Recovery Comedy: Where does your inspiration for material come from?

Kara Buller: Things that scare me and things that anger me. I think Judy Carter has that in her great book The Comedy Bible. I learned that in 2003 I think and it's rarely let me down. Also: Skymall.

Recovery Comedy: What was your worst experience in stand-up?

Kara Buller: I was hosting at Zanies in Chicago for a weekend. It's a long, skinny room. So as the host, to get ready to take the stage between comics, you have to either hide behind a curtain, run like a sprinter from the back of the room OR do what I did which was sit in empty chairs nearer the stage as the guy gets ready to dismount. Well. Weird idea and bad idea. I sat in the empty seat of a woman who had run to the bathroom. Her husband was next to me when her cellphone goes off and he yells GODDAMNIT YOU ALWAYS MESS EVERYTHING UP!! which was confusing because that's how the voice in my head sounds. He goes on: I TOLD YOU TO TURN THAT DAMN THING OFF!! ARGH ARGH RAGE RAGE RAGE. So now I'm getting pulled into some domestic abuse situation that's not even mine. So I'm now terrified, confused, worried about the real woman and needing to get on stage in two seconds. I'm pretty sure I made a comment onstage about men and anger and then wanted to run out the front door.

Recovery Comedy: What was your best experience performing stand-up?

Kara Buller: I love performing for fellow recovering people. Great audiences. I'm always like "are they all just people-pleasing or what?" but they laugh. I did stand-up at a recovery retreat in Stockholm once. My mom was with me and I invited her and she was like "you guys do your thing, I won't intrude; I'm going to nap." That's right! She used a semi-colon! Anyway, I was a little hurt she wasn't going to watch me. But I'm a soldier and I do my thing. I was up onstage, pretty steadily killing it, and at one point I looked up and there was my mom, standing in the doorway, smiling at me. I don't think she got a single one of my jokes but that's okay. This story chokes me up every time. You gotta show up for the people in your life, even if you don't understand what the heck is going on.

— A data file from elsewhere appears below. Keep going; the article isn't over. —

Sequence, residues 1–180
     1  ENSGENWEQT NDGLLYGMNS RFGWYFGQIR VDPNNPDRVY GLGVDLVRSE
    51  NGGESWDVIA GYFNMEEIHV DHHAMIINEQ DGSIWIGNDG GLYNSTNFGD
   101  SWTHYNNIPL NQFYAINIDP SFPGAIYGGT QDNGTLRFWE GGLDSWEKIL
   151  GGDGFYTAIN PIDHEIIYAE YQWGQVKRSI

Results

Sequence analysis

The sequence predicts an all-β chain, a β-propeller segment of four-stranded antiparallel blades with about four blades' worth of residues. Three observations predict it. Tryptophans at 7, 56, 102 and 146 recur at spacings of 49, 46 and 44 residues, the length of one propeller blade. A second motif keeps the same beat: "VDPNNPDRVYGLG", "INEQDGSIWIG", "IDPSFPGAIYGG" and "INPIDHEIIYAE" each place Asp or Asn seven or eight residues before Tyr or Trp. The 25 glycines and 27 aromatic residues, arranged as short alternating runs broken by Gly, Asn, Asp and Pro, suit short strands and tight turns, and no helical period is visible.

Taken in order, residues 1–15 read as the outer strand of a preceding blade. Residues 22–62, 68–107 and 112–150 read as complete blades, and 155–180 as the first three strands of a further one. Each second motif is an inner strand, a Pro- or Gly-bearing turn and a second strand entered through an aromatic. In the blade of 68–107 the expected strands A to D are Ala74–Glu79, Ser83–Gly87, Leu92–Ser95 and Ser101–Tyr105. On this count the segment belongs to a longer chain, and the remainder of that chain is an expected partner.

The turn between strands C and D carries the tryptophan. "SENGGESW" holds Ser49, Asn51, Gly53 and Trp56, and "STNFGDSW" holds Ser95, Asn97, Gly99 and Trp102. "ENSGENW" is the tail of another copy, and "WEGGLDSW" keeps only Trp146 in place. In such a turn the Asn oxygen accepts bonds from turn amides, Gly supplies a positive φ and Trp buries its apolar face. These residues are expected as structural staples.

Recovery Comedy: What is your joke writing process?

Kara Buller: I take a subject and ask "What is true? What is true? What is true?" then I go "What would be ridiculous? What would be ridiculous? What would be ridiculous?" Yes, I use the rule of threes even in my process!

Recovery Comedy: What is your kryptonite?

Kara Buller: I think I have to say...Superman references.

Recovery Comedy: Is comedy part of your healing process?

Kara Buller: It may be. It can be part of my "defend and attack" process, aka my "opposite of healing" process. But now I can see that when we are laughing at ourselves and our outrageous behavior and assumptions--that is togetherness and that feels good. So yeah! Part of the healing process.

Recovery Comedy: What is your comedy dream?

Kara Buller: I'm at a show, onstage, but my mouth won't move. Everyone from my high school track team is there but they are also the same people I worked with at a law firm. Oh, you mean my comedy dream dream? To make people cry and laugh. To laugh and cry. To cry a little and then go back to laughing, then later cry a little more. Seriously, to just keep giving people a good time.

Recovery Comedy: Thanks so much for talking to us Kara.  You did a great job at the last show and I know we’ll be seeing much more of you in the future.

To find out more information about Kara Buller or to book her for your next Recovery Show, just click here!